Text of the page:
Following Secretary Clinton’s remarks and the introduction of the USWP members, USAID will conduct a panel discussion, including Q&A from the audience, titled “Maximizing Impact by Integrating Water into Development Assistance.” This panel will be chaired by Christian Holmes, and will include members of the USAID team with expertise in the role of water in agriculture, health, climate change, and conflict

Tomorrow Evening.

Secretary of State Hillary Rodham Clinton to Receive Transparency International-USA’s Integrity Award

Notice to the Press

Office of the Spokesperson
Washington, DC
March 21, 2012

 


On March 22, Secretary Clinton will receive Transparency International-USA’s Integrity Award. Transparency International-USA (TI-USA) is an international leader in anti-corruption advocacy in government, business, and development assistance. TI-USA’s Integrity Award recognizes Secretary Clinton’s efforts to promote transparency and integrity around the world. The event will begin at approximately 7:30 p.m.

Secretary Clinton will be honored for her leadership in drawing action and attention to the damaging effects of corruption in developed and developing countries. During her tenure, Secretary Clinton has elevated corruption as a major focus of U.S. foreign policy. She also has promoted the importance of international anti-corruption agreements, including the OECD Anti-Bribery Convention and the U.N. Convention against Corruption, and has worked with the OECD, G8, G20 and Asia-Pacific Economic Cooperation to combat corruption and promote transparency and accountability.

Thank you to Amy Dugan for bringing this historic distinction to our attention!

March 20, 2012, 5:17 p.m. EDT

Sons of Italy to Honor U.S. Sec’y of State Hillary Rodham Clinton

WASHINGTON, March 20, 2012 /PRNewswire via COMTEX/ — U.S. Secretary of State Hillary Rodham Clinton will be the first woman to receive the Sons of Italy Foundation’s (SIF) Lifetime Achievement Award for Public Service, to be presented at the SIF’s 24th annual National Education & Leadership Awards (NELA) Gala on May 23, 2012, in Washington, D.C.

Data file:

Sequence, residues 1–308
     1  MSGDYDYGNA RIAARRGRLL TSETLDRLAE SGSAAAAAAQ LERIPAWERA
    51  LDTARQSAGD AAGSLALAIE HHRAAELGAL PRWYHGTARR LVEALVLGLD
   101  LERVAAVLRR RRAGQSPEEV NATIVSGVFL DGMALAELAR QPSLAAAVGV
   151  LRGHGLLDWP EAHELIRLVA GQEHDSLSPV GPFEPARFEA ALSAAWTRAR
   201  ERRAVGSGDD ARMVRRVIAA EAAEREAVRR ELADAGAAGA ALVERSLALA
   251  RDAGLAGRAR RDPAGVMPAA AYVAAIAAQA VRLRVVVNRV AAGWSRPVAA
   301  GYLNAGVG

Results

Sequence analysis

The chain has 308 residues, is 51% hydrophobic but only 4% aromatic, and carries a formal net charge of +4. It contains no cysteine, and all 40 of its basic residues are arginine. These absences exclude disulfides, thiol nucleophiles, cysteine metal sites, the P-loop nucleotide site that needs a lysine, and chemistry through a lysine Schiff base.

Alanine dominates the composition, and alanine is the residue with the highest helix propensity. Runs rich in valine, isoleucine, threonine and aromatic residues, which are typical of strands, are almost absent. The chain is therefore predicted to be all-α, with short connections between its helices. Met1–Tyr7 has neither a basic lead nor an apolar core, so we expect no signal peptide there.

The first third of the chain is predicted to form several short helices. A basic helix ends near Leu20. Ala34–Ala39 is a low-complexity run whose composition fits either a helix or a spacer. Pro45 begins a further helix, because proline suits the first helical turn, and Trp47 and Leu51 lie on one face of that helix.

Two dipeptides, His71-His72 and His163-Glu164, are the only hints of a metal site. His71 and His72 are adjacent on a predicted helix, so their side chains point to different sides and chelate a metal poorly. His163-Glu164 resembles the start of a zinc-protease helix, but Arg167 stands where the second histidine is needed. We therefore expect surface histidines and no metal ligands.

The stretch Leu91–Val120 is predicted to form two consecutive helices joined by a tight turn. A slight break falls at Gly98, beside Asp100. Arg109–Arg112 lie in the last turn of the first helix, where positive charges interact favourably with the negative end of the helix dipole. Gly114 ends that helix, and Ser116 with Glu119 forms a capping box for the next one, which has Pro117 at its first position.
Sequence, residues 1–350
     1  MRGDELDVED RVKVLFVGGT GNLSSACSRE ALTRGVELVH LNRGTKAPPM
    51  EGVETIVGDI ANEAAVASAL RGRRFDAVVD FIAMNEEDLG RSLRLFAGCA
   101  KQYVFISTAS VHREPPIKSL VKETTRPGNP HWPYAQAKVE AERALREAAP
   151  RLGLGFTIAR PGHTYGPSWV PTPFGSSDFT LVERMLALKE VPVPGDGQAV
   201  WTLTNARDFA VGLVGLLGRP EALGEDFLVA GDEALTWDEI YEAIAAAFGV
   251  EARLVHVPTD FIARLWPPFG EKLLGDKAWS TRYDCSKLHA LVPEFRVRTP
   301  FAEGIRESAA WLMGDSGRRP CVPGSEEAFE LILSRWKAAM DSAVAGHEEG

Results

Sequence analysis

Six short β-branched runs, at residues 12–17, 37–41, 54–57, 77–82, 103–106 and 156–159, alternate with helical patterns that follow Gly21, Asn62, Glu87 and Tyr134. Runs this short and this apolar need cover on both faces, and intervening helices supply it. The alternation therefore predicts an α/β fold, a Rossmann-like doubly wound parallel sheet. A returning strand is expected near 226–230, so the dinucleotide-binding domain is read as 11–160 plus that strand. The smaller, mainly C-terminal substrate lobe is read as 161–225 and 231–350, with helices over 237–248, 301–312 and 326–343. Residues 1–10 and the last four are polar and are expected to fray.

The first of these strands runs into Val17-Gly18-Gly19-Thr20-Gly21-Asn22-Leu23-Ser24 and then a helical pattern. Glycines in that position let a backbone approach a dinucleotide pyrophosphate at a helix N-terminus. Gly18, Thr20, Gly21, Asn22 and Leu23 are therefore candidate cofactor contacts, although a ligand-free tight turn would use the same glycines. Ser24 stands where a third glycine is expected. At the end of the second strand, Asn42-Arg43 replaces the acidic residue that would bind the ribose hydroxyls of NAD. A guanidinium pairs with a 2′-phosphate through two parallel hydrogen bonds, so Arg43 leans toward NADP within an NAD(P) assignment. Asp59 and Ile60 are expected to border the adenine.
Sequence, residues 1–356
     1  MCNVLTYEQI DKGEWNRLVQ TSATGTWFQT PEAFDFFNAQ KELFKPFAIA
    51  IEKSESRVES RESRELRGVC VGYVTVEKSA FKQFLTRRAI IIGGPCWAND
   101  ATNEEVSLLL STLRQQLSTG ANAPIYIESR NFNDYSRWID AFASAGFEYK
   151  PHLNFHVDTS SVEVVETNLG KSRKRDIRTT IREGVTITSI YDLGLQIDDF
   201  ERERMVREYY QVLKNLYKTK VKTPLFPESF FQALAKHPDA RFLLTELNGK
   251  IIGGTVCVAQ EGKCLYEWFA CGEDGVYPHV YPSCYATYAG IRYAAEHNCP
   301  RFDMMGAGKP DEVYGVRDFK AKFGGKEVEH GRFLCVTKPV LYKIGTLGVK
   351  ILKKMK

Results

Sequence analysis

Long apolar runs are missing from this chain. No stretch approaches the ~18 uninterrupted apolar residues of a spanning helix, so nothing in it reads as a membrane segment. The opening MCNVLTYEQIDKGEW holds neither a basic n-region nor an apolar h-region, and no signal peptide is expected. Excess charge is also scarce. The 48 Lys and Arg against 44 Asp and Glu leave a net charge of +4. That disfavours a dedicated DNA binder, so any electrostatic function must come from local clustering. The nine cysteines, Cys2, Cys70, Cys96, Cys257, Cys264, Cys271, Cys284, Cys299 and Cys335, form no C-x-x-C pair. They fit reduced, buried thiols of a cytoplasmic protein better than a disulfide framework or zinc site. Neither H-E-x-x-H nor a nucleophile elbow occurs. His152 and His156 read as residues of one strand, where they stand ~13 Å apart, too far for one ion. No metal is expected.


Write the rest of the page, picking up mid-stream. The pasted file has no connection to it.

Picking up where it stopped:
Read more >>>>

 

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Remarks on World Water Day


Remarks

Hillary Rodham Clinton
Secretary of State
The World Bank
Washington, DC
March 22, 2011

SECRETARY CLINTON: Thank you. Good afternoon in this absolutely glorious fora with so many people who do the work every day that makes the World Bank such a respected institution. It is my pleasure to commemorate World Water Day with you.And I want to thank Bob Zoellick for his commitment to this issue and his leadership of the Bank; vice president Inger Andersen, American executive director Ian Solomon, and in particular, some of my team who are here – Maria Otero, Under Secretary for Global Affairs and Democracy at the State Department, and Don Steinberg, Deputy at USAID, and Jane Lubchenco, the NOAA Administrator. And we want to send a special greeting to everyone in South Africa, especially to His Royal Highness, the Prince of Orange of the Netherlands, for making this water issue one of international significance.

Like Bob, I am also grateful to those of you from the private sector and private foundations as well as civil society groups and NGOs. I’m also aware that in the audience today, we have several other international organizations including the IAEA and UN-HABITAT. And to all of you who are here because you know that this is such a critical issue that cuts across every single part of development that one can imagine, I thank you for helping to raise the visibility of water as one of the most important issues. Why? Because the water crisis is a health crisis, it’s a farming crisis, it’s an economic crisis, it’s a climate crisis, and increasingly, it is a political crisis. And therefore, we must have an equally comprehensive response.